Override circuit 30 includes a diode 138 with the anode 139 connected to the junction 140 of resistor 132 and thermistor 24. Cathode 141 of diode 148 is connected to push-to-talk switch 29.

Charging rate indicator circuit 20 includes diode 76 previously mentioned. Diode 144 in series with resistor 145 is connected in parallel wit diode 76. Diode 146 and capacitors 147 and 148 are connected in parallel with diode 144. Resistor 149 is connected in parallel with resistor 145. Base electrode 152 of transistor 153 is connected through resistor 154 to cathode 155 of diode 76. Emitter electrode 156 of transistor 153 is connected to anode 157 of diode 76, and collector electrode 158 is connected through resistor 159 to base electrode 160 of transistor 161. Emitter electrode 162 of transistor 161 is coupled to ground potential and collector electrode 163 is coupled to one terminal of an indicator light 164. The other terminal of the indicator light 164 is coupled to a source of potential, as for example to inductor 34.

In operation, switch 11 is closed, supplying battery voltage from battery 10 to astable multivibrator 13. Astable multivibrator 13 is a free-running astable which develops a 25 Khz square wave signal at collector 41 of transistor 38. The square wave signal is amplified by Darlington transistors 46 and 52 and coupled to base electrode 58 of transistor 59 in inverter 14. The Darlington transistors act to prevent loading of multivibrator 13 by transistor 59 and provide sufficient current gain to operate transistor 59. The square wave signal causes transistor 59 to switch on and off which in turn causes a voltage to be developed across inductor 62 as a result of the inductors characteristic for attempting to continue current flow at the same rate. The voltage developed at inductor 62 is rectified by diode 64 causing capacitor 65 to charge to the necessary charging voltage. As previously mentioned, the charging'voltage is approximately 24 volts. The charging voltage is coupled through resistor 70 to transistor 72 in dual rate current limiter 19.

Transistor 72 is biased by resistors 70 and 74 and diodes 111 such that it will limit the current passed therethrough to a first maximum charging current. In the embodiment shown the first maximum charging current is approximately 340 milliamperes. When transistor 113 is rendered conductive as will be described in a subsequent portion of this application, transistor 72 is biased by resistors 70 and 74, and the voltage drop from emitter 112 to collector 114 of transistor 113 in series with the voltage drop across diode 116. With this biasing, transistor 72 will limit the maximum current coupled therethrough to a second, lower maximum current. In the embodiment shown, this second, lower maximum charging current is approximately 50 milliamperes.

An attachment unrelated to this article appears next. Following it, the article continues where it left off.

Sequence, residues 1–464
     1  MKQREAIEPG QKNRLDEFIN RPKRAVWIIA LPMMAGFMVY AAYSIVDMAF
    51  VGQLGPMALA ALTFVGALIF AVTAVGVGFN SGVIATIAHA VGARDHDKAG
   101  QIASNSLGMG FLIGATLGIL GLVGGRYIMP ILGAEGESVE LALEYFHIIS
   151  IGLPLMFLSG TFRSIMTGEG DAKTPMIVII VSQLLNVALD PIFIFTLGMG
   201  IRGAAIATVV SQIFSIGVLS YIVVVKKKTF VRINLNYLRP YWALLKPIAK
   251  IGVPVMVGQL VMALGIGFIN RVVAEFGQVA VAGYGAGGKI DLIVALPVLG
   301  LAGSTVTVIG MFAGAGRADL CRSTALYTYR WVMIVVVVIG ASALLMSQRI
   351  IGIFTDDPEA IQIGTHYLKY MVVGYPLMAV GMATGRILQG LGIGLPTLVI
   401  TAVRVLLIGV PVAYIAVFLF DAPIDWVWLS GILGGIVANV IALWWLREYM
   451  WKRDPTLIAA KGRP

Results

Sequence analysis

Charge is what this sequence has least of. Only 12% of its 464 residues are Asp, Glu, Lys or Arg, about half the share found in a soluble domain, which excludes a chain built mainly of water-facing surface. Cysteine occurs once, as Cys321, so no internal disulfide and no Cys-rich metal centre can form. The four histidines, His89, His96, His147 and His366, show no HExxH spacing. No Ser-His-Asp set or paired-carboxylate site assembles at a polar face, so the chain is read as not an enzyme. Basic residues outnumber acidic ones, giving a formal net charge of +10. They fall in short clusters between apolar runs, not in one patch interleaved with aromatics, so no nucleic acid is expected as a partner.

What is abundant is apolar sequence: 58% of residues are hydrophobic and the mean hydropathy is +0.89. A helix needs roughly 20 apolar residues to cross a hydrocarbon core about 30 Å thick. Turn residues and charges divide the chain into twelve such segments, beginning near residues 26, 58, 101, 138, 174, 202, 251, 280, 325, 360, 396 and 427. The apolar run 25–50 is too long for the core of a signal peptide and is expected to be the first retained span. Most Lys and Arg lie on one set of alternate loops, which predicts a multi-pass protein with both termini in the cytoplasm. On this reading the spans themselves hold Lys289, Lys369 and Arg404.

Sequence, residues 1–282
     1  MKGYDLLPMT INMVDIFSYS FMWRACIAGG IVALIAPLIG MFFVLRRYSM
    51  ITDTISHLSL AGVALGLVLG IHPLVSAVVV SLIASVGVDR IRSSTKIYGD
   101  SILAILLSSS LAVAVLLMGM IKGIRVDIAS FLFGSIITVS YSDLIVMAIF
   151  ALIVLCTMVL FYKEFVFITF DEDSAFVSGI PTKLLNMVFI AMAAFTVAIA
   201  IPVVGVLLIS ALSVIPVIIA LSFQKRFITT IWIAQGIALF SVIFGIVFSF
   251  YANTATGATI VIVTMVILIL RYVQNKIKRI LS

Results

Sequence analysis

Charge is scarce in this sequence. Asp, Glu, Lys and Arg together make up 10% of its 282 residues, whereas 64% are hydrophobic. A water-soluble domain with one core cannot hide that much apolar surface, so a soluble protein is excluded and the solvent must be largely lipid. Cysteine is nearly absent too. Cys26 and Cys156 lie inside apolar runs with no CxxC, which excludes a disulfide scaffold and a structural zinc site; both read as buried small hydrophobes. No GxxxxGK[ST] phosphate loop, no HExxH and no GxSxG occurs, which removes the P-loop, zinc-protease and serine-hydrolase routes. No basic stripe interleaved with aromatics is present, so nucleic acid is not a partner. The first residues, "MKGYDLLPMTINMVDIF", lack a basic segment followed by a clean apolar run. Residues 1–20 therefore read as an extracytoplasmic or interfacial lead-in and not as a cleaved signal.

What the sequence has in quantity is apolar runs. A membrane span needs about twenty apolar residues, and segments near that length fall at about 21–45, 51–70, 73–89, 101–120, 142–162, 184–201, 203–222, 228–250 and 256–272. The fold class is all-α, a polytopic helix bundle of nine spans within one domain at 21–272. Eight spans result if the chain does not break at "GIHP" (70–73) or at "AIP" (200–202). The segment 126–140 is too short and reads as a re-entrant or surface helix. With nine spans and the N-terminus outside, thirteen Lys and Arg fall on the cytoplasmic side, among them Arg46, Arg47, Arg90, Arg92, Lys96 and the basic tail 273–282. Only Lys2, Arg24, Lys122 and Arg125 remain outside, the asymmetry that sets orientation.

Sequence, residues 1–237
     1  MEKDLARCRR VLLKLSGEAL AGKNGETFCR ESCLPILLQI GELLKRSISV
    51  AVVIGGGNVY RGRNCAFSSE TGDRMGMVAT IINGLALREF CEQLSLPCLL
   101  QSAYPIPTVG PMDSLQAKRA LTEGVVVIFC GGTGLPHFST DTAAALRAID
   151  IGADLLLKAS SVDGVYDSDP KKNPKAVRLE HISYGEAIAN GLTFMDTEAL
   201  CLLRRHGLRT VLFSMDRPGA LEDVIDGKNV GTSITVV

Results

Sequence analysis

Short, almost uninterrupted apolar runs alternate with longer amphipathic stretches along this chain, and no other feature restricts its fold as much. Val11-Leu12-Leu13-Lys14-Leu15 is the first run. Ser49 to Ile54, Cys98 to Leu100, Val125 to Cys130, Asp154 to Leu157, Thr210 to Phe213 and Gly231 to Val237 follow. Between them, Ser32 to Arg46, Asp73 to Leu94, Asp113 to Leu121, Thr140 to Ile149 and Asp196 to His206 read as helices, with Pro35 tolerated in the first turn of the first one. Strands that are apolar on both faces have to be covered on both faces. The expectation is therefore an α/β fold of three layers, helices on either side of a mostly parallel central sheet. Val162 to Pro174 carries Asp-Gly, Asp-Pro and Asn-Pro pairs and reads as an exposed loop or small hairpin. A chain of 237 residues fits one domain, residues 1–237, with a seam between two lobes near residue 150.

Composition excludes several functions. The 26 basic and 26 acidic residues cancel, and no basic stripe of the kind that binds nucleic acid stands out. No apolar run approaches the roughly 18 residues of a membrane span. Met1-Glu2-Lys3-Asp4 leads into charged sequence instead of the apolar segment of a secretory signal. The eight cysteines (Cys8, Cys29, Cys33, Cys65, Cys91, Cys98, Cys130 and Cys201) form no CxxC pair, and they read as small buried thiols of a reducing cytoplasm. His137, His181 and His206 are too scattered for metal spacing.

Starting first with the example of a rapid charge battery containing thermistor 24, when a discharged rapid charge battery is connected to the charging system at terminals 77, 78, and 140, the voltage at collector 75 of transistor 72 is lowered to the terminal voltage 77 of battery 15. A substantial voltage will therefore be developed across transistor 72, causing transistor 72 to supply a very high charging current to battery 15. As-

voltage at emitter 82 has exceeded the voltage refer ence established at base electrode 87 to zener diode 85,

diode 86 and resistor 88. Transistor 81, when conductive, will develop a voltage at collector 83, which is coupled through resistor 89 to base 91 of transistor 92, causing transistor 92 to conduct. Conduction of transistor 92 willshunt a portion of the current coupled to base 58 of transistor 59 to ground potential, thus reducing the drive current to transistor 59. This reduced drive'to transistor 59 will cause a reduction in the charging voltagedeveloped across capacitor 65, which in turn will cause a reduction in the charging current coupled through'transistor 72 to battery 15.

In the embodiment shown, when the battery voltages reaches approximately 18 volts, the charging current will be reduced to I50 milliamperes, and ultimately will be reduced to a rate of approximately 18 milliamperes. Should a room temperature rapid charge battery be charged, and assuming the battery does not become overheated, the battery will achieve almost its entire charge capacity before the battery terminal voltage exceeds 18 volts. A maximum charging current of approximately 340 milliamperes will therefore have been supplied during almost the entire charging cycle. in this example the charging time is substantially less than that normally required to charge a battery.